Ghazwan Altaee, Member
Former Director of Programs, Ghazwan Altaee serves as a current board member for CRP. Ghazwan obtained a degree in Administration and Economy from The University of Baghdad, Iraq. Owning a business in his home country until violence threatened the life of his family, Ghazwan fled to Amman, Jordan. He became involved with CRP in 2009 and went on to become a beloved community member and leader of the organization. Though resettled to the United States in 2015, Ghazwan is still an indispensable member of CRP, conducting Skype interviews and speaking engagements to raise awareness of the plight of urban refugees in Jordan.
Tara Sutton, Member
Tara Sutton is a journalist and documentary filmmaker whose work in conflict zones has won many awards, including an Amnesty Media Award, Common Wealth Broadcasting Association’s Rolls Royce Award for Exceptional News Feature, and a two-time finalist for the Rory Peck Award for Bravery in Journalism. She brings years of Middle East and refugee experience with her, having lived in Iraq and Jordan and covered post-conflict issues from Liberia to Colombia. She works on strategic planning and fundraising for CRP and serves as a current board member. Her two recently released videos for CRP, “Little Refugees” and “Welcome to CRP,” have accurately portrayed the current refugee crisis in the Hashemi Shamali neighborhood of East Amman.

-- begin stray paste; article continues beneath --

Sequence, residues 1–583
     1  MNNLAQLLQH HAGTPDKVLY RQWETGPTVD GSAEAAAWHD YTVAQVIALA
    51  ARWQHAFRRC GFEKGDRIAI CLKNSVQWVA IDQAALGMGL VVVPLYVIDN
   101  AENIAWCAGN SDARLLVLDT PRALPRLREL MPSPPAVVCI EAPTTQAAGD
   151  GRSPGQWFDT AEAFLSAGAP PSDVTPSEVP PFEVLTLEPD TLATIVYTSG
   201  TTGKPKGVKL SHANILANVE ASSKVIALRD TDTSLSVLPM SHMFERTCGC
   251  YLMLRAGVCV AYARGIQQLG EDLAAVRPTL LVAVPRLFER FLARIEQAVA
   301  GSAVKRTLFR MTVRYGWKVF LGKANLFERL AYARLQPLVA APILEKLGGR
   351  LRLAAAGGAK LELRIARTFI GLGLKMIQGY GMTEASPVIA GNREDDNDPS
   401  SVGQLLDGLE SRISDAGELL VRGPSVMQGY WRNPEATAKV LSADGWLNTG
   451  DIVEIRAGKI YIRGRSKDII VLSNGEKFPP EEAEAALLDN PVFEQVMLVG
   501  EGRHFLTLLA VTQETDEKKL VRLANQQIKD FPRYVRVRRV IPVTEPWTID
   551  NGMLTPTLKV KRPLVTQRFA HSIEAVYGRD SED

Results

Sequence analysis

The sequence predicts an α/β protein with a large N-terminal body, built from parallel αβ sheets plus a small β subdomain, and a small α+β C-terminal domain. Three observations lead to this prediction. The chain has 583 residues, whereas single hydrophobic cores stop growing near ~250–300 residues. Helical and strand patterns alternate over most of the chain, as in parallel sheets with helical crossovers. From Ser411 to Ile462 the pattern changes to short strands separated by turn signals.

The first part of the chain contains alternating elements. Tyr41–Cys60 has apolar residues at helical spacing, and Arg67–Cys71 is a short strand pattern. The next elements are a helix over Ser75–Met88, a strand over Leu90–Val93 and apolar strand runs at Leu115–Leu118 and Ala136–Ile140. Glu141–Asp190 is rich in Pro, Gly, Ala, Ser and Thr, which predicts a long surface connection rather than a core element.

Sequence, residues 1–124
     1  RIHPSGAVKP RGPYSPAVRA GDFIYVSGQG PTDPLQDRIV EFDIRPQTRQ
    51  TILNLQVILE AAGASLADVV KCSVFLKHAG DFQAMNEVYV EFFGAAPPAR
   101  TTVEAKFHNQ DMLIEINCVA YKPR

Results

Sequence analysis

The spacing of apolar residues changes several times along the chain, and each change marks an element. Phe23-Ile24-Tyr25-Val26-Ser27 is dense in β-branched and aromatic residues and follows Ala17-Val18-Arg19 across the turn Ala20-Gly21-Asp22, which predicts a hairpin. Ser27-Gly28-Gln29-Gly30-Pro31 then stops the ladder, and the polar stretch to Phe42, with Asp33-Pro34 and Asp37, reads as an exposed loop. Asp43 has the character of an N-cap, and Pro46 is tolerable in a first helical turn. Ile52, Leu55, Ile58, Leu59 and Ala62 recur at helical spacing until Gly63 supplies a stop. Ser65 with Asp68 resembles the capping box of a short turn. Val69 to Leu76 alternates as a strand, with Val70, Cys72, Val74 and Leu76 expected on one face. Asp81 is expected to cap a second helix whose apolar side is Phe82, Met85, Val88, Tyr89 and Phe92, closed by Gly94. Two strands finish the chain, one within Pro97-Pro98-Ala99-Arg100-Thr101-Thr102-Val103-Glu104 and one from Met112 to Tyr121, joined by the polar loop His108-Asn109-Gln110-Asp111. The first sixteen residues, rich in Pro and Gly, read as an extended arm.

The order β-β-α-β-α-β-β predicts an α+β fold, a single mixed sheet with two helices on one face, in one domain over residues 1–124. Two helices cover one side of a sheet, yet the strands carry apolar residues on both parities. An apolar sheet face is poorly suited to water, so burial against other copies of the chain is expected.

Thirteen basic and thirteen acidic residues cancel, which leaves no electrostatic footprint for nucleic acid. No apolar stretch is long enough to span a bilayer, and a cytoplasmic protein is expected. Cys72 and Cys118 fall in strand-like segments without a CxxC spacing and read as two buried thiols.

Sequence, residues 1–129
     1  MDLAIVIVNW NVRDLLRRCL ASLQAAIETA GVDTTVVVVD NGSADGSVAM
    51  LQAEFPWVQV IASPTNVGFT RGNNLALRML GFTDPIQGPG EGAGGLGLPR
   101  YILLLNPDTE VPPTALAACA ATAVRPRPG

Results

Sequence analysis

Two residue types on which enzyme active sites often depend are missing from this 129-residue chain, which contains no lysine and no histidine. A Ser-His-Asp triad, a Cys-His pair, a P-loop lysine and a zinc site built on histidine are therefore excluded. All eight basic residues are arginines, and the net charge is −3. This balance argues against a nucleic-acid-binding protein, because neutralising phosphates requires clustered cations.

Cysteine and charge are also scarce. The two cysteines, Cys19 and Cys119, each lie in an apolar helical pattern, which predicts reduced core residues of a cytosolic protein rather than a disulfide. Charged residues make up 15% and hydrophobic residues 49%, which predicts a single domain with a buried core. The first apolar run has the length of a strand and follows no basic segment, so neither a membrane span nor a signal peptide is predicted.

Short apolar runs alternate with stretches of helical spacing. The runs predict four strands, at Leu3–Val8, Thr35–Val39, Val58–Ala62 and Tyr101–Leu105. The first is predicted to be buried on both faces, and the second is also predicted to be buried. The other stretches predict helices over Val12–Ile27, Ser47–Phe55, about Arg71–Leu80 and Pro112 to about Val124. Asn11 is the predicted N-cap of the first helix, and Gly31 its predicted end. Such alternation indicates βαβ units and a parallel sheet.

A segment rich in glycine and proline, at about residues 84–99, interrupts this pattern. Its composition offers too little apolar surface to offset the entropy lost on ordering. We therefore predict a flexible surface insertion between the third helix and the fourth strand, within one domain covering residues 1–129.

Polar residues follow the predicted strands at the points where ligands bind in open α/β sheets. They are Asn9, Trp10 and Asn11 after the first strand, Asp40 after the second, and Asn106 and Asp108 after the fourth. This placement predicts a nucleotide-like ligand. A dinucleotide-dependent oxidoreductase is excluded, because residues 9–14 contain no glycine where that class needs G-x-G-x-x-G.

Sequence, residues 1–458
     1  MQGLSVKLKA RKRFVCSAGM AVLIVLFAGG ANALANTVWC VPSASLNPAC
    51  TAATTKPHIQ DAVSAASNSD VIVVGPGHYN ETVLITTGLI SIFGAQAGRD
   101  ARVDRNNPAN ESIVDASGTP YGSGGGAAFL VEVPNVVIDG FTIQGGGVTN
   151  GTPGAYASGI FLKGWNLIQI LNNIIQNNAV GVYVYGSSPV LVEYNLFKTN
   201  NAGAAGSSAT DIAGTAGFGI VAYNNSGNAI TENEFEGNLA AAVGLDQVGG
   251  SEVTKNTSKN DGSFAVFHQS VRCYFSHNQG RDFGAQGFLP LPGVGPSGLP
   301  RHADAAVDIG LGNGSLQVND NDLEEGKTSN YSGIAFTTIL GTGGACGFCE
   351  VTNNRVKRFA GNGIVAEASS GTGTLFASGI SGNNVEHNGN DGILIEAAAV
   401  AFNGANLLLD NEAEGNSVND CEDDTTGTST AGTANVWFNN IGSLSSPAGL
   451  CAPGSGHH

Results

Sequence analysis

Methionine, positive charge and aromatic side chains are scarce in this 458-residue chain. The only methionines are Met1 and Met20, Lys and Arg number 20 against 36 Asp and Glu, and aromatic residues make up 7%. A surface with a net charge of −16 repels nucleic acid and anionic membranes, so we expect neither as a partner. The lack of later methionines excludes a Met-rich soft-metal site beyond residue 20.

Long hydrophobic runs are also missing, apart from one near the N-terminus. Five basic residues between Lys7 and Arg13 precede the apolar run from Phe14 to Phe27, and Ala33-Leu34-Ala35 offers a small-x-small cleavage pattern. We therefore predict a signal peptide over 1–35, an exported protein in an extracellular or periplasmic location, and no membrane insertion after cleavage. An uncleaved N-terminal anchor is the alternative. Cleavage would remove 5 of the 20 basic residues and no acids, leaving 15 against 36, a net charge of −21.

Therese Hartwell, Member
Therese Hartwell was living in Dhahran, Saudi Arabia when she learned of CRP. As chair of the Dhahran Women’s Group’s Philanthropy Committee, Therese felt that the organization should be assisting their neighbors in the Middle East in countries from which refugees were fleeing and in the primary host countries to which they were escaping. In seeking such an organization, Therese discovered CRP and was subsequently able to also involve the local American women’s group to which she belonged as well as the Federation of American Women’s Clubs Overseas (FAWCO) in CRP’s cause. After living in Saudi Arabia for 10 years, Therese has returned to her hometown, Houston, and continues to work on refugee issues. Therese has an undergraduate degree in Psychology and a JD in practiced law and worked in nonprofit management before becoming a “professional volunteer.”
Rosemary Nuri, Member Emeritus
Rosemary Nuri first heard about CRP while working with other humanitarian organizations in the Middle East region. She was instantly drawn to the mission of CRP because of the direct connection the organization has with its refugee population in East Amman, especially through its community center. Now retired, she currently serves in the capacity of board member. A graduate of The University of North Carolina, Chapel Hill, with a BA in Philosophy, Rosemary has dedicated her life to cross-cultural understanding. After living with her family in Iraq for thirteen years and becoming fluent in Iraqi Arabic, Rosemary returned to the US and worked with international students and scientists through a 120-member multi-national/lingual Complex Carbohydrate Research Center at the University of Georgia.